Be vigilant. Parents should be wary about permitting children in their primary years to walk to school or a friend’s house or play outside unattended.

 

How To Help

While most people are good, parents can’t take a chance when it comes to a child’s safety. Although children should be taught to yell out, “This is not my mommy/daddy,” or “I don’t know this person,” not every child will. Anyone who sees a car hanging around the street, park or school should call the police. Half of all non-forcible enticements occur outdoors in such places.

 

Online Predators

One in five children has received unwanted sexual solicitations from someone online. Such people are pros at finding out where your child lives without asking directly. To help keep your children safe, keep these tips in mind:

•Keep the computer in full view, not in your child’s bedroom.

•Check your phone log and bill for unfamiliar numbers.

•Question gifts or money your child has received for which you can’t account.

•Limit your child’s time online and consider installing security software that will allow you to monitor her activity online.

•Know what other computers your child may be using — at school or a friend’s house. Just because you don’t have a computer doesn’t mean your child doesn’t have online access.

For more information, visit www.missingkids.com, www.netsmartz.org or www.ChildLures.org.

 

Key Facts

The National Center for Missing & Exploited Children® gathers key facts regarding the issues of missing and sexually exploited children and Internet safety and updates these facts and statistics frequently.

Missing Children

The most recent, comprehensive national study for the number of missing children estimated in 1999:

Approximately 800,000 children younger than 18 were reported missing.

More than 200,000 children were abducted by family members.

More than 58,000 children were abducted by nonfamily members.

An estimated 115 children were the victims of “stereotypical” kidnapping. These “stereotypical” kidnappings involved someone the child did not know or was an acquaintance. The child was held overnight, transported 50 miles or more, killed, ransomed or held with the intent to keep the child permanently.

To find the number of children missing from a specific state or territory contact the state’s Missing Child Clearinghouses.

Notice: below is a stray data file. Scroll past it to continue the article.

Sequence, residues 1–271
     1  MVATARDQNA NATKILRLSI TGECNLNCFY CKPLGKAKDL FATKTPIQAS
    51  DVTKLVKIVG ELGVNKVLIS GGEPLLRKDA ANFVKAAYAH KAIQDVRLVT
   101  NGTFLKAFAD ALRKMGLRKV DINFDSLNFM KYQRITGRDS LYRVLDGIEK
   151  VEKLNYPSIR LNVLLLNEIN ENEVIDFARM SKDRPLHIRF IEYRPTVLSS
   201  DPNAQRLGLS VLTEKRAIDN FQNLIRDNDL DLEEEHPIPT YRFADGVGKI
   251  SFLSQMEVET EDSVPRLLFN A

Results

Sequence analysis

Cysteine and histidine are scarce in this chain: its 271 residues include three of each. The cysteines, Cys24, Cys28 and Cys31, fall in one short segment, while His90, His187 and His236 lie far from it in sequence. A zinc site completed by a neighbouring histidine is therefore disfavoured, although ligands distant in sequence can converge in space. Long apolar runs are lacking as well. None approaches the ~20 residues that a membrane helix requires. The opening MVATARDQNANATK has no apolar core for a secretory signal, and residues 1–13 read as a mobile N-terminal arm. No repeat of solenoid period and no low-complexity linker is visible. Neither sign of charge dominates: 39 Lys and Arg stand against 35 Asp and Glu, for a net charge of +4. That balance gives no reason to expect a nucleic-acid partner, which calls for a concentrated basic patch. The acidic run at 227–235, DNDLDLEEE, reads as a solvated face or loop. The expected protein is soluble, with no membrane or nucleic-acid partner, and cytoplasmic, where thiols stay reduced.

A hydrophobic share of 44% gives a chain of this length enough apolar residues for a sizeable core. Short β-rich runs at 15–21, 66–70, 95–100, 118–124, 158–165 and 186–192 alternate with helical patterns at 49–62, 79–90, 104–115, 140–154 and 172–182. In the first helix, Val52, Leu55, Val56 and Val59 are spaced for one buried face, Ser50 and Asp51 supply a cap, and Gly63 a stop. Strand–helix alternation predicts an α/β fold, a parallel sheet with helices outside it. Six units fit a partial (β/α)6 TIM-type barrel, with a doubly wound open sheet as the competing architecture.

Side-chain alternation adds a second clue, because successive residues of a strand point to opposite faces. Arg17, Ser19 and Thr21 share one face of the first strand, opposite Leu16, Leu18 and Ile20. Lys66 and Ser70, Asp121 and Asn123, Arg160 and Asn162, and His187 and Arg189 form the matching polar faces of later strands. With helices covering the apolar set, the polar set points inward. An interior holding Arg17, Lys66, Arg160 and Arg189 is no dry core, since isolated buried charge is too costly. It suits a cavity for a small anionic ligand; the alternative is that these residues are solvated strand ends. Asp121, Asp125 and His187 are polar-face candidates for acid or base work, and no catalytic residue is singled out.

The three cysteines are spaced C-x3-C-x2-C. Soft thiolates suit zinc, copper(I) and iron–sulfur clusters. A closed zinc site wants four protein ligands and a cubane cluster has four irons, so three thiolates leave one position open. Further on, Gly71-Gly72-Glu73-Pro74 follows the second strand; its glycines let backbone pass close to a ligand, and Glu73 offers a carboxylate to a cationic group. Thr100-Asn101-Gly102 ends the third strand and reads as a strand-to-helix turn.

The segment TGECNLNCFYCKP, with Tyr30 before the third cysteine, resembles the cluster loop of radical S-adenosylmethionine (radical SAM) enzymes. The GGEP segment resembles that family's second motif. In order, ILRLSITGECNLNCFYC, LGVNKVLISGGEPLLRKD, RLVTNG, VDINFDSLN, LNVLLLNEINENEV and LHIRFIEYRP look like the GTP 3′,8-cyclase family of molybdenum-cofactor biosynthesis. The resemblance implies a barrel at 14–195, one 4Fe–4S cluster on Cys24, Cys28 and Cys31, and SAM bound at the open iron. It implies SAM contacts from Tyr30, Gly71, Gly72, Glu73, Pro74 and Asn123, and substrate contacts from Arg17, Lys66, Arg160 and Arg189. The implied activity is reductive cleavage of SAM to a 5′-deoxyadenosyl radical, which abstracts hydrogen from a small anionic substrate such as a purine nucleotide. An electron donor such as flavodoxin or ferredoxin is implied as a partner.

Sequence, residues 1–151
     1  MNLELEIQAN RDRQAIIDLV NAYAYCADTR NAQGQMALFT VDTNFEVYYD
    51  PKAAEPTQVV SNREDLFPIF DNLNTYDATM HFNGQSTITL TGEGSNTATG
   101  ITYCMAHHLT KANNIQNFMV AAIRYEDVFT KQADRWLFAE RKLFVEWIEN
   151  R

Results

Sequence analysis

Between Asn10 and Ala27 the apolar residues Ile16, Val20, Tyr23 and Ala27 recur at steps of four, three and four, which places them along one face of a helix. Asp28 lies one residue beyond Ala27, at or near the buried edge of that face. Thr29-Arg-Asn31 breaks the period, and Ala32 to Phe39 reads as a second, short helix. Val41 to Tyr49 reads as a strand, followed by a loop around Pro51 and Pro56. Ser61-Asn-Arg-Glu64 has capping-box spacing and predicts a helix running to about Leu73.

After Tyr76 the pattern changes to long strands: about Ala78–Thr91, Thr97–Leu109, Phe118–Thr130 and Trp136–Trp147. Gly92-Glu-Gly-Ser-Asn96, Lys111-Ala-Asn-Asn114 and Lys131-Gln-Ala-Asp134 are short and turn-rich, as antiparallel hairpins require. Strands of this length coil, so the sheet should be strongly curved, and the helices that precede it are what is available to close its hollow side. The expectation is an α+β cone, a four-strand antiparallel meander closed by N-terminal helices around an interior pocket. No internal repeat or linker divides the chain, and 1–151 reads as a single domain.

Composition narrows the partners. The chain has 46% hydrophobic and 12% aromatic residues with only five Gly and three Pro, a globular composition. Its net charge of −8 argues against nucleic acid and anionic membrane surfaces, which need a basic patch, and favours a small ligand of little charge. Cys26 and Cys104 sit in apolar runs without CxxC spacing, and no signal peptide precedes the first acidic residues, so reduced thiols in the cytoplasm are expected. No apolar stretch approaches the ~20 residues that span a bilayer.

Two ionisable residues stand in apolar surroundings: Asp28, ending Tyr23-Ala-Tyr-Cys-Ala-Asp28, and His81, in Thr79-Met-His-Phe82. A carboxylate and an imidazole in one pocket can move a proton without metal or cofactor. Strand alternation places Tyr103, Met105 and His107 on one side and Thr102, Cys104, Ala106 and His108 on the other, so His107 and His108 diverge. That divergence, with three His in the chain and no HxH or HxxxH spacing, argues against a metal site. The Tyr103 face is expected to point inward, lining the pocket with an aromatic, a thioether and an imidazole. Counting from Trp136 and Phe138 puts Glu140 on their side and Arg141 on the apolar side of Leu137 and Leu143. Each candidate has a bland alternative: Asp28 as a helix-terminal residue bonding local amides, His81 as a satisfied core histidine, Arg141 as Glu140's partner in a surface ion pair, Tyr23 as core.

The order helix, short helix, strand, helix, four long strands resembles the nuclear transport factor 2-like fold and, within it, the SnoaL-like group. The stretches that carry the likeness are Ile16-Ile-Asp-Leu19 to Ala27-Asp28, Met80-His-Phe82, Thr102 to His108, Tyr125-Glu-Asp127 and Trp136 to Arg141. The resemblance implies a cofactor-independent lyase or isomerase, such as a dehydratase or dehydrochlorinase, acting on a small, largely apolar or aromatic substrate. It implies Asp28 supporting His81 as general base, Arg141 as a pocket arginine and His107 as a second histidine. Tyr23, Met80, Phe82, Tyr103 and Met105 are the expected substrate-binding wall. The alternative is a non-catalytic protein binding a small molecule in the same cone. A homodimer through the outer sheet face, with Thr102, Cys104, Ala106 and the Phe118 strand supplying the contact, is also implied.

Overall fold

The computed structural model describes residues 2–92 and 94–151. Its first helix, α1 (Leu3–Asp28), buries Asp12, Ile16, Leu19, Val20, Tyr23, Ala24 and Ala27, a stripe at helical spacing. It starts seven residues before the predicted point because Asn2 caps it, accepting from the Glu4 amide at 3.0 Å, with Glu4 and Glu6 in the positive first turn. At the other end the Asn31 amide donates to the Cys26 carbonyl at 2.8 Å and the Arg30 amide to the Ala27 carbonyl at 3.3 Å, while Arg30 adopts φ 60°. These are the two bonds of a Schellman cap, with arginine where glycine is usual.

The first three hours are the most critical when trying to locate a missing child. The murder of an abducted child is rare, and an estimated 100 cases in which an abducted child is murdered occur in the U.S. each year. A 2006 study indicated that 76.2 percent of abducted children who are killed are dead within three hours of the abduction.

The National Center for Missing & Exploited Children® has assisted law enforcement in the recovery of more than 188,389 missing children since it was founded in 1984. The recovery rate for missing children has grown from 62 percent in 1990 to 97 percent today.

The AMBER Alert program was created in 1996 and is operated by the U.S. Department of Justice. As of July 18, 2013, 656 children have been successfully recovered as a result of the program.

As of June 2013, NCMEC’s toll free, 24 hour call center has received more than 3,810,960 calls since it was created in 1984. Information about missing or exploited children can be reported to the call center by calling 1-800-THE-LOST (1-800-843-5678).

Child Sexual Exploitation

U.S. law enforcement agencies have seen a dramatic increase in cases of sexual exploitation of children since the 1990s. According to a report to Congress in 2010.

In 2006 U.S. attorneys handled 82.8 percent more child pornography cases than they had in 1994.

State and local law enforcement agencies involved in Internet Crimes Against Children Task Forces reported a 230 percent increase in the number of documented complaints of online enticement of children from 2004 to 2008.

ICAC Task Forces noted a more than 1,000 percent increase in complaints of child prostitution from 2004 to 2008.

As of June 2013, the CyberTipline has received more than 1.9 million reports of suspected child sexual exploitation since it was launched in 1998. Suspected child sexual exploitation can be reported to the CyberTipline at www.cybertipline.com or 1-800-843-5678.

As of June 2013, NCMEC’s Child Victim Identification Program has reviewed and analyzed more than 90 million child pornography images since it was created in 2002.

Internet Safety

93 percent of teens ages 12 to 17 go online.

Of children five years old and younger who use the Internet, 80 percent use it at least once a week.

One in 25 children ages 10 to 17 received an online sexual solicitation where the solicitor tried to make offline contact.

Four percent of cell phone owning teens ages 12 to 17 say they have sent sexually suggestive nude/semi-nude messages to others via text message.

15 percent of cell phone owning teens ages 12 to 17 say they have received sexually suggestive nude/semi-nude images of someone they know via text.

For more Internet Safety facts, visit www.netsmartz.org/Safety/Statistics.